Virtual machines are a fundamental pillar of computing ecosystems, dating as early as the 1960s. They were invented as an emulation/virtualization of computer ecosystems. Simply put, virtual machines can provide the functionality of a computer by leveraging specialized software, hardware or combining both. These computer emulations support the functionality needed to run operating systems or platform-independent computer programs.
Notably, virtual machines are classified into two categories according to their functions; system virtual machines (full virtualization) and process virtual machines. The former provides a substitute for a real computer, allowing users to host multiple independent environments within the same hardware (physical machine).
On the other hand, process virtual machines are designed to emulate various system architectures, enabling operating systems or software applications written for another architecture or CPU. The process VM is sometimes dubbed Managed Runtime Environment (MRE) or application virtual machine.
One area in modern-day tech where virtual machines are gaining popularity is the crypto ecosystem. This upcoming niche features decentralized platforms such as Ethereum, whose functionality is powered by the Ethereum Virtual Machine (EVM). As it stands, Ethereum blockchain hosts a wide range of decentralized applications (DApps) with smart contracts at the building level while the EVM provides the runtime environment.
Virtual Machines in Crypto – EVM
While Bitcoin may be the ‘godfather’ of decentralized ecosystems, Ethereum provides more growth opportunities by hosting DApps. The last year has been particularly eventful with DeFi projects launching left, right and centre.
So, what powers this ecosystem where close to $54 billion is currently locked in DeFi protocols? A big part of Ethereum’s success can be attributed to its smart contract environment and the EVM. Smart contracts allow users to create decentralized agreements whose execution can be automatically triggered if conditions are met.
Ethereum leverages multiple nodes to run the EVM software to ensure that the network is secure and trustworthy. These nodes are hosted by individuals from their computers who, in return, receive network incentives such as a portion of the transaction fees for keeping the protocol running and secure. Ideally, the EVM prevents denial-of-service attacks and ensures smooth communication by interpreting and executing the Ethereum programming language solidity.
Connecting the Masses Via Cryptodemocracy
Ethereum’s blockchain ecosystem may have gained many users, but there is still a lot that needs to be done before its viable for mainstream adoption. The network can only handle 15 transactions per second which are pretty slow given the growing usage of crypto assets. Furthermore, gas fees paid to EVM are sometimes way higher than what the average Joe looking to invest in DeFi can afford.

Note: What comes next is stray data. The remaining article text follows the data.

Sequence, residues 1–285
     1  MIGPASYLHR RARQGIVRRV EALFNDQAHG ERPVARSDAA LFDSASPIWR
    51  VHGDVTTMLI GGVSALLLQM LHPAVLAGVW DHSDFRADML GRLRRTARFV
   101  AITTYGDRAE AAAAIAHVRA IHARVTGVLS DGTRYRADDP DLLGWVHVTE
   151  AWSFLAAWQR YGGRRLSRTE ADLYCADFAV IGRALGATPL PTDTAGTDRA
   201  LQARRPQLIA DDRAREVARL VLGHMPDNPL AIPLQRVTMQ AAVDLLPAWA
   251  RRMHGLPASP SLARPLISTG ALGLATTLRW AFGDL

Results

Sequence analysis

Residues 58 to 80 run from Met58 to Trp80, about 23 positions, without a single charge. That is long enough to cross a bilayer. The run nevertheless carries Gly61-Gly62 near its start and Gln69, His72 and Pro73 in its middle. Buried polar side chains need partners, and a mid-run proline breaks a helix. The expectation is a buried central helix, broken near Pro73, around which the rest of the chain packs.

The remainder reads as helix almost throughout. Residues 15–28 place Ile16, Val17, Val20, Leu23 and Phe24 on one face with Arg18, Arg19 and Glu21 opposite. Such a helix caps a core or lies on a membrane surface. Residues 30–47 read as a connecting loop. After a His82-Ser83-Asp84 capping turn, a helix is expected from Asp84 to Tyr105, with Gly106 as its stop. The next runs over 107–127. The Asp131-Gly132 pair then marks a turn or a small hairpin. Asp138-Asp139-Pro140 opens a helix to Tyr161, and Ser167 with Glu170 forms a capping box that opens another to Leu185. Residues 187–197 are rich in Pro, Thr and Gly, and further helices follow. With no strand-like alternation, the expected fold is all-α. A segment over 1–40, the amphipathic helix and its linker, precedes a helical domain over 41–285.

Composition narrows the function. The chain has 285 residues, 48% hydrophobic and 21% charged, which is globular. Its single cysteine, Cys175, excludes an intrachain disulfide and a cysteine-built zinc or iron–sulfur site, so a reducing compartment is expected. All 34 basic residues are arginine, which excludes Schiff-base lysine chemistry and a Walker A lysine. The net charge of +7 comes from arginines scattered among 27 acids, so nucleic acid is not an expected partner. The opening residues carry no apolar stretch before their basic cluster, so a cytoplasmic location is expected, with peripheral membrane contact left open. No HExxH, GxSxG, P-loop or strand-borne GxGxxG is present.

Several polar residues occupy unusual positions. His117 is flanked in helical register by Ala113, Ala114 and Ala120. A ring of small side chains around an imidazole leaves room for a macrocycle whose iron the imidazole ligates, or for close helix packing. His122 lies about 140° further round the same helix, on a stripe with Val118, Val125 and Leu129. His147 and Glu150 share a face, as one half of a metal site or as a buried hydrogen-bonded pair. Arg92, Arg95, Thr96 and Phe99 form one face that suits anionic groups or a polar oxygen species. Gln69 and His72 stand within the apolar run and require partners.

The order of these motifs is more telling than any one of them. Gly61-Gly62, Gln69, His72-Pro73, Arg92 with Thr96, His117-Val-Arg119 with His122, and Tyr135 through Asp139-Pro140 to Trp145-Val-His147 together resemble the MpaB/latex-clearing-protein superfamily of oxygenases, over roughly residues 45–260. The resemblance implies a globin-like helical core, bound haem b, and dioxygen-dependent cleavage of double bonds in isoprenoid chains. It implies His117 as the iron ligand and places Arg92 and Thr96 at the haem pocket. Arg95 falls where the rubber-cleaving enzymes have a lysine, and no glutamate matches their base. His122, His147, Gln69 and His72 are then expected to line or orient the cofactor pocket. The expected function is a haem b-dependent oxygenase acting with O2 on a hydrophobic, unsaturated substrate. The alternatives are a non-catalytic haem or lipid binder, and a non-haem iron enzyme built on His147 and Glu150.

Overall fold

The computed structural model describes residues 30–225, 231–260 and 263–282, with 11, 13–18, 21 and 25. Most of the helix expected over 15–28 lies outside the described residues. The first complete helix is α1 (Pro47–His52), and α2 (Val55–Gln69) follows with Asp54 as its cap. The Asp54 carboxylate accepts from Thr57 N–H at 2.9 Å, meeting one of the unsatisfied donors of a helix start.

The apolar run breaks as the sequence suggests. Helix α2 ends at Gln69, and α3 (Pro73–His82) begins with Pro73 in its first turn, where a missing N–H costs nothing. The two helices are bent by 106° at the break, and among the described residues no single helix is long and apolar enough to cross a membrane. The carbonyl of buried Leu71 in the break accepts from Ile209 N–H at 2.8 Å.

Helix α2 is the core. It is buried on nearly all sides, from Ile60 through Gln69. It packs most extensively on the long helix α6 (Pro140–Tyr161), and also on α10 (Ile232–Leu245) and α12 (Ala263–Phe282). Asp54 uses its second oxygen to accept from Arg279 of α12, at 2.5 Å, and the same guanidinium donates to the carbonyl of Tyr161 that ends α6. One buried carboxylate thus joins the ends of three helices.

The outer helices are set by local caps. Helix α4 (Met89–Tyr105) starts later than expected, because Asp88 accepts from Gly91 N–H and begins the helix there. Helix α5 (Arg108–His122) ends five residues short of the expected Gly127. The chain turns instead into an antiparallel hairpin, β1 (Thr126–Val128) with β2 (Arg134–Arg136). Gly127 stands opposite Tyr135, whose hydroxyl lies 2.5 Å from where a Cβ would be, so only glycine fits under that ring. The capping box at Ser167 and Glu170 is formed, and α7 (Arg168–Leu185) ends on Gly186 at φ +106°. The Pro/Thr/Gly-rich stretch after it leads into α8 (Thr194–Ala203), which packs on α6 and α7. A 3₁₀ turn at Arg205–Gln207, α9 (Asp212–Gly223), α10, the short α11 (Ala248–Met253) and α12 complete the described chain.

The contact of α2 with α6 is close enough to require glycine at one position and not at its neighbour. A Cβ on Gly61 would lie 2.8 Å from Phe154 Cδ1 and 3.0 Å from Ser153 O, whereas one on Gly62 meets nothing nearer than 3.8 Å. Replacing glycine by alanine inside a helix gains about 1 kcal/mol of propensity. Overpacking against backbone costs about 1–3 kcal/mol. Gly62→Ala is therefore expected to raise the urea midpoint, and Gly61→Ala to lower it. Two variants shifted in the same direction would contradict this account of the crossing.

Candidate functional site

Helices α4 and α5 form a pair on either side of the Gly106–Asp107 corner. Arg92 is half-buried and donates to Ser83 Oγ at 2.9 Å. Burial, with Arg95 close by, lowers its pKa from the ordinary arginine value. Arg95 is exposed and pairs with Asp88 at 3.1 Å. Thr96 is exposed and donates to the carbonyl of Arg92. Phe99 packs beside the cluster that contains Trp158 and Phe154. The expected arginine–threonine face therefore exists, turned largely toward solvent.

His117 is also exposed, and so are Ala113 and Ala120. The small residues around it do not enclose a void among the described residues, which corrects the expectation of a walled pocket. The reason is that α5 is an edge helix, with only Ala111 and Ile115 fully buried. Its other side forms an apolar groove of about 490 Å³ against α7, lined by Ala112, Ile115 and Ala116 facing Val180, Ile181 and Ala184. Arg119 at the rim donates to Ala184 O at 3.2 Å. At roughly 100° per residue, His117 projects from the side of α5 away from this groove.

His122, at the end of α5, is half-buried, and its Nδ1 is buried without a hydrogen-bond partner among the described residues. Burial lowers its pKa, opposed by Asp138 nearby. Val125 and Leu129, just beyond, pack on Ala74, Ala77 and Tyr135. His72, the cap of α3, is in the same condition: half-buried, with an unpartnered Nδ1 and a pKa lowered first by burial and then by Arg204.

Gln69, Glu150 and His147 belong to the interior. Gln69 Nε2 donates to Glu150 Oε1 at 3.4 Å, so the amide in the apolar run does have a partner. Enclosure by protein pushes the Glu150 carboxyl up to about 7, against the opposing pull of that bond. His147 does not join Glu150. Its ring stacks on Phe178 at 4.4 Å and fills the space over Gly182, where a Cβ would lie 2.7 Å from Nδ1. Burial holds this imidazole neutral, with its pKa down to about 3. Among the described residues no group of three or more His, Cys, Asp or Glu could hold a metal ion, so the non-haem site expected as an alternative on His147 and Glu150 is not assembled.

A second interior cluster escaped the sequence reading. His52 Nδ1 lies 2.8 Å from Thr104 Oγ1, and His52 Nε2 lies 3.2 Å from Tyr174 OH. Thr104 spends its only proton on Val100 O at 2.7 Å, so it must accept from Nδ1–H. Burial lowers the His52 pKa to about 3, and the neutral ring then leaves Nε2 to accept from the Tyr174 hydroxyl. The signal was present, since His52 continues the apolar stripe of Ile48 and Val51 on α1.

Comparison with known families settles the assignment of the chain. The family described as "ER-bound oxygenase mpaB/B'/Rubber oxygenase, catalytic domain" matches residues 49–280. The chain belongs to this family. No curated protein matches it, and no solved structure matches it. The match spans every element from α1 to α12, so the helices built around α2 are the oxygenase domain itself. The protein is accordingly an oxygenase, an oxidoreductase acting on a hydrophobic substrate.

On the brighter side, we have some Layer 1 networks that provide more favourable building environments for the next generation of decentralized applications. One such project is Edgeware, a smart contract chain with a community-managed treasury, decentralized proposal system, and network of DAOs. Unlike Ethereum, which is built with the solidity language, Edgeware leverages the Polkadot/substrate infrastructure.
This blockchain network also allows Ethereum devs to deploy Solidity/EVM smart contracts with minimal or no changes – DeFi projects on Ethereum can quickly deploy on Edgeware. In contrast, new projects can start building through the WebAssembly architecture or Rust programming language.
Some of the notable features embedded within the Edgeware smart chain include identity ownership, project management, treasury funding and bridge solutions for both digital and physical entities. The project successfully launched and distributed its governance token EDG in 2019, which is now used as an incentive mechanism to maintain Edgeware’s decentralized architecture. EDG token holders can vote on the future developments of the platform.
The Future of Computing in Crypto Networks
Computing will remain at the heart of most intelligent systems, especially crypto, where operations stem from deep mathematical concepts. While virtual machines such as the EVM already exist, some stakeholders, including former Ethereum lead developer and Polkadot founder Gavin Wood, believe that the industry needs to adopt more progressive solutions.
Speaking at the Consensus 2021 conference, Wood noted that legacy innovations such as the EVM play a significant role in today’s blockchain development but need to be gradually phased out to favour better solutions. In his opinion, it would be much simpler to use WebAssembly as smart contracts,
“I can’t deny that a lot of people are already using EVM, so it’s super important to support these legacy protocols, these legacy languages, and that’s what we’re doing with Polkadot … It’s foolish to just throw those away. But it’s not foolish to start thinking about where the next thing is, and that for me is using WebAssembly as smart contracts.”
Until then, virtual machines will be around to support existing blockchain networks and the applications that build on them. Now over five decades old, this concept remains at the centre of computing ecosystems and seems to have found a new value proposition following the rise of crypto ecosystems.